Statement of Significance
What is significant?
The doctor's surgery (former) and residence at 59 The Crescent and the dentist's surgery (former) at 57 The Crescent, Ascot Vale, are significant. The doctor's surgery began as a house of c1889, which was given a new Federation Bungalow style front wing c1918 by owner Dr Sydney J Newing. Dr Newing then had the dentist's surgery built next door in 1922, which was occupied by his brother-in-law, dental surgeon Ambrose J McCormack. Dr Newing led the medical practice until 1936, after which it was taken over by Dr Grieve, 1936-1980, then his daughter, Dr Helen McCleave, with her husband, Dr. Peter McCleave, until 2003. Ambrose McCormack continued to practice in the dental surgery until the mid-1950s or later.
The doctor's surgery incorporates a single-storey, double-fronted c1889 hip-roofed dwelling hidden behind an L-shaped two-room addition of c1918. The front section has a gabled slate roof, and walls of red brick with black tuckpointing. The projecting front gable has a half-timbered treatment.
The dentist's surgery is a narrow building of a commercial type, in the Free Style, built to the front boundary, with the tiled roof hidden behind a front parapet.
Later alterations and additions, such as the front fence to No. 59 and the metal grilles to the facade of No. 57, are not significant.
How is it significant?
The doctor's and dentist's surgeries are of local historical and aesthetic significance to the City of Moonee Valley.
Why is it significant?
They are historically significant for their long use as local medical facilities (the doctor's surgery for over 85 years). (Criterion A)
The two buildings are aesthetically significant for their fine detailing and for the prominent position of the dental surgery vis-à-vis the Ascot Vale Railway Station. The doctor's surgery at No. 59 is distinguished as a high-quality Federation Bungalow with details of note including the leadlighted bow windows and circular pictorial window beneath the porch. The dentist's surgery is distinguished by its Free Style details including the unusual and picturesque front parapet which combines raking sides with a stepped central section, mirrored by a recessed rendered panel below, and framed by piers that extend above the parapet and are decorated with vertical strips. The render dressings and details retain their original unpainted finish, which is increasingly rare. The dentist's surgery retains leadlight windows and its original large front window with arched joinery. (Criterion E)
DOCTOR'S SURGERY, DENTISTS' SURGERY & RESIDENCE - Physical Description 1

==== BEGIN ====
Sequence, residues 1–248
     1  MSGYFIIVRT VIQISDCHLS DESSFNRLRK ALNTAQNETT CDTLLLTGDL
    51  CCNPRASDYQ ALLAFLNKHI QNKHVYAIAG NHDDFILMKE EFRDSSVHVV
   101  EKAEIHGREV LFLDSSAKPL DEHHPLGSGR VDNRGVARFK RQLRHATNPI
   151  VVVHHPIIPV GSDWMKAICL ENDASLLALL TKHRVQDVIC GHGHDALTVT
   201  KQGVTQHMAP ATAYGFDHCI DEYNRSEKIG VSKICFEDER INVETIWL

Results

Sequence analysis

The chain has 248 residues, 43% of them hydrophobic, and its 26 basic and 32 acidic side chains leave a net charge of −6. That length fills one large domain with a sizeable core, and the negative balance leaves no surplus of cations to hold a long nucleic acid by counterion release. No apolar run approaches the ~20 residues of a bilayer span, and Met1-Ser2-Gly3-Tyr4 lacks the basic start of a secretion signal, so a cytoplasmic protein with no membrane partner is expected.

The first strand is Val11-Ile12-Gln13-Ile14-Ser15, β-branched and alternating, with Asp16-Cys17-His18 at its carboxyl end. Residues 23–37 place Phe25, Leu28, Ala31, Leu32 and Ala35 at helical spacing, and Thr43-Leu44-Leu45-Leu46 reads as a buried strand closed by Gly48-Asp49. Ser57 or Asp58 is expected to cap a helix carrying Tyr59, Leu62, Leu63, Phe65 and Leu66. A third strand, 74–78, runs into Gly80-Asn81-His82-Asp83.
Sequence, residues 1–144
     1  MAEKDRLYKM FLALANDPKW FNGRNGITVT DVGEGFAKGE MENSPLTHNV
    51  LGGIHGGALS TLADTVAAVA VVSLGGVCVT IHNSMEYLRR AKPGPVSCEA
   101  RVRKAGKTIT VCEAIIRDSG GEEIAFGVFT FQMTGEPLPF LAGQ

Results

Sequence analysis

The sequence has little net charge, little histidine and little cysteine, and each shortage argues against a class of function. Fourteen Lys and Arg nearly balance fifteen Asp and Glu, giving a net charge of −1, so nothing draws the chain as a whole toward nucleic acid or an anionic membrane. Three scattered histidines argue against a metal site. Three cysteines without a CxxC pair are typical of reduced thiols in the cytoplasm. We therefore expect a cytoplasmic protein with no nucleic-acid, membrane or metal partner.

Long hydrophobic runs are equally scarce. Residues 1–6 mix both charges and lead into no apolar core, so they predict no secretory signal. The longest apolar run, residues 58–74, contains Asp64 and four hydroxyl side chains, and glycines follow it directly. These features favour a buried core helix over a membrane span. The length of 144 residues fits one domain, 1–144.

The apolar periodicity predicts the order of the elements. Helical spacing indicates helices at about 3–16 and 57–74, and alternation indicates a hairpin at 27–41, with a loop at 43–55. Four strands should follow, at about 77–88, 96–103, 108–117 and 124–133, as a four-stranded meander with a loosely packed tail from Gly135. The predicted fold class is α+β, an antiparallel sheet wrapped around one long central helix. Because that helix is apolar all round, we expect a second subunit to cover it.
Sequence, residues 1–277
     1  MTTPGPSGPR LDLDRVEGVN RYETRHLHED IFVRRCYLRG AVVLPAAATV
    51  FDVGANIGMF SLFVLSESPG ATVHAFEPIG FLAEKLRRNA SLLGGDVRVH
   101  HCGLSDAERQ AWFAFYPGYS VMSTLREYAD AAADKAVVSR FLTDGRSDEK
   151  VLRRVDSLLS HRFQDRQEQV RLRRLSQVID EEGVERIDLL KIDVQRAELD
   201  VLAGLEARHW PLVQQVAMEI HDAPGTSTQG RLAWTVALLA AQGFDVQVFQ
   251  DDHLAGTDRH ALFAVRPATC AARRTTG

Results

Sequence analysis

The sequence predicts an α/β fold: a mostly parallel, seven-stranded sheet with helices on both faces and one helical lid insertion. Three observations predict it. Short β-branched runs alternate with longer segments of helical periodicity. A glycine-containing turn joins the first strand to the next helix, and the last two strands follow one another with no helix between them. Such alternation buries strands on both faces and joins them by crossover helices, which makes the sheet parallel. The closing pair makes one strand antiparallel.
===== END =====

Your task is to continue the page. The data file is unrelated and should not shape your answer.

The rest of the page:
The doctor's surgery-residence at 59 The Crescent and dental surgery at 57 The Crescent are located mid-block on the west side of The Crescent, facing the Ascot Vale Railway Station, between St Leonards Road and McCully Street. The residence is a Federation Bungalow dwelling set back from The Crescent behind a brick fence (non-original) and landscaped front garden. To the south of the residence, the Free Style dental surgery is constructed to the front boundary, presenting an angled facade to meet The Crescent.
The doctor's surgery incorporates a single-storey 1889 hip-roofed dwelling hidden behind an L-shaped two-room addition of c1918. This front wing has a gabled slate roof and a prominent projecting front gable, with a massing that looks forward to the California Bungalows that were so popular during the 1920s. The walls are constructed in red face brick with dark tuckpointing. The gable treatment comprises half-timbering of pressed-metal sheets (to look like roughcast) and timber battens jettied over timber corbels. The wide eaves of the gable rest on triangular timber brackets. Beneath the projecting gable is a front porch accessed via a cement-render round-arch opening. Its form is mirrored on the wall behind it by a circular window with a broad render dressing and pictorial leadlight. The front facade contains two bow windows with leadlight highlights and casement windows, below eaves with decorative rafter tails.
The 1922 dental surgery is constructed in red face brick with faded white tuckpointing and unpainted cement-render dressings. The single storey surgery has a tiled hip roof hidden behind the front parapet. The front parapet is raked-stepped, flanked by two piers that extend above the parapet with cement-render coping and decorative vertical lines below. The distinctive parapet form is repeated below in a cement-render stylised blind arch with T-shaped tie, above a continuous unpainted cement lintel to the entrance and window. On the left-hand side of the facade the original inner and outer entrance doors have been lost, though black and red tessellated floor tiles survive. The front door and large front window retain geometrical leadlight highlights, and the front window has arched joinery. The south elevation presents a uniform brick wall to the vacant lot, while the northern elevation, visible due to the setback of the doctor's residence contains two one-over-one double-hung windows with leaded glass to the upper section and painted cement-render lintels. The aluminium grilles to the entrance and front window are recent additions.
Heritage Study and Grading
Moonee Valley - Moonee Valley Heritage Study
Author: Context Pty Ltd, 2015
Moonee Valley - City of Moonee Valley Stage 1 Heritage Gap Study
Author: Context PL
PREFABRICATED RESIDENCEVictorian Heritage Register H1207
ESSENDON TRAMWAY DEPOTVictorian Heritage Register H1215
FORMER ES&A BANKVictorian Heritage Register H1287
"AMF Officers" ShedMoorabool Shire
"AQUA PROFONDA" SIGN, FITZROY POOLVictorian Heritage Register H1687